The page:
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When legal action is taken against an individual or company, it’s the job of a litigation accountant to step in, investigate the matter and provide guidance.
As Director of Corporate Finance at RSM Australia, Nadine Marke is required to probe the intricate details of people's lives and dive into transaction histories for multi-million dollar companies.
Some cases can end up in court and can last the better part of a year, or more. It can be intense, but for Nadine, it's the opportunity to make a significant impact on people's lives that drives her day-to-day.
She was recently engaged to advocate for a client in his divorce settlement, having received an initial offer of $50k. After a deliberated process over 10 months, she was able to help her client walk away with $1M dollars - an amount that will significantly improve his quality of life.
"You can imagine how happy he was, and how grateful. That sense of fulfilment that you get from working in disputes, I think, keeps you going," Nadine says.
Litigation accountants are experts in their field, trusted by the courts to produce unbiased reports and opinions. Nadine’s litigation career has now covered matters from financial loss and family law, to business valuations and more.
Probing into the minute details of a client's financial history is a confronting but necessary aspect of the job. To succeed, Nadine believes litigation support professionals require a personality and personability that buck the accountant stereotype.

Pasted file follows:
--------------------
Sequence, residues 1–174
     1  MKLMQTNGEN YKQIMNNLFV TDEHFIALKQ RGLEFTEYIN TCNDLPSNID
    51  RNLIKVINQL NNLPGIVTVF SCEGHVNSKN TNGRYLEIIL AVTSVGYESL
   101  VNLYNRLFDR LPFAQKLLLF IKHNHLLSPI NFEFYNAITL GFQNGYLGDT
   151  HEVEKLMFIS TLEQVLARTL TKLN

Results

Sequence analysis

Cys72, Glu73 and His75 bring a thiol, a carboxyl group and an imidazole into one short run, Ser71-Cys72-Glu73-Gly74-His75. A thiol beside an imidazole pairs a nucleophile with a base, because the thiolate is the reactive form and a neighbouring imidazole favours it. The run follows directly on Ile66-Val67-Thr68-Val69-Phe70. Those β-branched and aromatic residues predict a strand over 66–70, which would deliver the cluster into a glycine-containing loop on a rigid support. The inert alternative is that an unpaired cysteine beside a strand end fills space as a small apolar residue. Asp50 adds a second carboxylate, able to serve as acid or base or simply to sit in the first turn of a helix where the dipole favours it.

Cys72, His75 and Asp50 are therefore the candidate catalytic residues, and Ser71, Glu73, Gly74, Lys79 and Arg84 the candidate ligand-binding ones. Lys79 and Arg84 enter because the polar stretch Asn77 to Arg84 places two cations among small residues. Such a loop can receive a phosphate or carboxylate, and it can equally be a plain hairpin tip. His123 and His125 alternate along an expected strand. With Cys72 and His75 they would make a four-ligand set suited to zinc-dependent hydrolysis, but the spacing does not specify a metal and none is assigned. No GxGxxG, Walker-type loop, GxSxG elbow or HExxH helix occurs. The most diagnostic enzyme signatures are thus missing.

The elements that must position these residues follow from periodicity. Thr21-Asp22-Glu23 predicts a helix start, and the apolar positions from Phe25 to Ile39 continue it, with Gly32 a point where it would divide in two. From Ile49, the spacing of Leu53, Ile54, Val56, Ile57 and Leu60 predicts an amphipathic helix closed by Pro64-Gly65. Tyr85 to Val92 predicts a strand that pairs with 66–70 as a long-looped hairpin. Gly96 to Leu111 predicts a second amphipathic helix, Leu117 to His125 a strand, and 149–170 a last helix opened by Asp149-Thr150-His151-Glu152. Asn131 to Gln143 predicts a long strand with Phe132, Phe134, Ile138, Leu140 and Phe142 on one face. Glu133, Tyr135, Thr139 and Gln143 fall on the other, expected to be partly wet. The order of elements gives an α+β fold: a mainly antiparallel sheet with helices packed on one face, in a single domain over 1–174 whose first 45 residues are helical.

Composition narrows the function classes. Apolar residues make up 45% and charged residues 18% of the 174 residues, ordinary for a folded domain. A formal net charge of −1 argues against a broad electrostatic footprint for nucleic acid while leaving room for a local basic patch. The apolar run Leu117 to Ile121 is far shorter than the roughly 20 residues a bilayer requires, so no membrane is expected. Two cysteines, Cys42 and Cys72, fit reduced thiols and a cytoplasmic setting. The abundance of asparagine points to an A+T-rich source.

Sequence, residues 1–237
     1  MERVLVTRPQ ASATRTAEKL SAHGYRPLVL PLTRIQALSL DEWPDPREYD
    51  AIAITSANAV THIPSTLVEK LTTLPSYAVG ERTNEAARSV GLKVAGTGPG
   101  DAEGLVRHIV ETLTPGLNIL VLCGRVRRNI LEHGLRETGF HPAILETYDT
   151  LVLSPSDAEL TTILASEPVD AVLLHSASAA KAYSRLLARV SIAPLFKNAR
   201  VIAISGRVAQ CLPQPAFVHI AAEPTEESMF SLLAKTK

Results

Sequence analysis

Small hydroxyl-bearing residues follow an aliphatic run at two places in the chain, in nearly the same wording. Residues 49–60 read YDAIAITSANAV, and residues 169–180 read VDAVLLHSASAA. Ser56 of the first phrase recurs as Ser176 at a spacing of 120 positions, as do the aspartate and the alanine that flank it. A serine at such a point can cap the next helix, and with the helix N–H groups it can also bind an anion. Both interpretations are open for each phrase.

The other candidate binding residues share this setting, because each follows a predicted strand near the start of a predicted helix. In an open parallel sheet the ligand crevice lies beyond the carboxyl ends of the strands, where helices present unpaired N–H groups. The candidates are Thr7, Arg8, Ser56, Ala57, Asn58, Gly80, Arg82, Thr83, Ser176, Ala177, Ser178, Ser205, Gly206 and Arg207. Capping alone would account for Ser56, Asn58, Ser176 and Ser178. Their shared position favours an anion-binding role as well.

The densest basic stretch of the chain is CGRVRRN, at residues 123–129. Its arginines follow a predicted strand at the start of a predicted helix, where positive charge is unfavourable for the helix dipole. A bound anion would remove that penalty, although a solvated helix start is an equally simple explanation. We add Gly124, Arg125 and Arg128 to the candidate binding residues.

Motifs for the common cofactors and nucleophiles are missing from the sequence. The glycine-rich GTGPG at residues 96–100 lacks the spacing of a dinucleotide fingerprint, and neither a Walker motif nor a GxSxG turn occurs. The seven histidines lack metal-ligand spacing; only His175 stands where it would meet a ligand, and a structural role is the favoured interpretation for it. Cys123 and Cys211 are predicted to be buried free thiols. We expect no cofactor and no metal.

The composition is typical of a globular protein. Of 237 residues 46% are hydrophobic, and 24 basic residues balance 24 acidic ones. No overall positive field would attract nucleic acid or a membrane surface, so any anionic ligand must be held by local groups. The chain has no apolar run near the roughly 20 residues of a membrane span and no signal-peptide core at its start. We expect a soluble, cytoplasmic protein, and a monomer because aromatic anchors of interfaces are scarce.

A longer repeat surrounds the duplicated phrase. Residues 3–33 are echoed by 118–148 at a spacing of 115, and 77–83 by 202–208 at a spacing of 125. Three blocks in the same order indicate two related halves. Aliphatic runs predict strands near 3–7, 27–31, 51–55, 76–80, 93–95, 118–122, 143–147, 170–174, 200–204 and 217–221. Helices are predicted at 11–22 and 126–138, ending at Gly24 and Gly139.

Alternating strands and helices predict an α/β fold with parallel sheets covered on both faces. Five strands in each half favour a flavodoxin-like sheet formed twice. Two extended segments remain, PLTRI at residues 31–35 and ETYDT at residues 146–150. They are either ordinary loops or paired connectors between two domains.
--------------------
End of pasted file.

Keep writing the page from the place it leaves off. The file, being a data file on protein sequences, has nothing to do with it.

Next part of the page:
A broad exposure to different fields of accounting also helps with the nature of work. Prior to litigation, Nadine's professional background spanned auditing, insolvency and valuations - experiences that have shaped her success in a wide range of litigation matters.
Her exposure to commercial valuations became particularly helpful in a recent matter involving a prominent charity. The organisation had sold property at a significantly undervalued price in a related party transaction. After Nadine's investigation and guidance, the charity walked away with a multi-million-dollar settlement that has changed the organisation's future.
"Even though it’s on the commercial side, we were able to help make a massive impact for this charity as an organisation and what they can now do in the future," Nadine says.
Today's litigators require a wide range of skills to keep up with an industry experiencing technological transformation. The once logistical nightmare of sifting through massive amounts of paper documents is being replaced by digital programs that search documents faster and make building reports easier.
Even with this efficiency, Nadine says successful litigation depends on your ability to construct an argument and distil complex ideas for non-accounting parties. To be considered an expert, acute attention to detail and strong communication skills are essential.
"The client has engaged you to make your argument simple, clear, and to give an opinion. So, if your opinion is a bit woolly, it doesn't help anyone in the long run. Your communication ability is key," she explains.
For Nadine, litigation is the perfect career for someone who loves detailed work, constant learning and making a difference.
"Your personality type has to suit the role that you choose. Litigation is not your standard path in some ways - it is still a fairly niche area - but this means it can be easier to build your own profile in an area that is a less crowded market."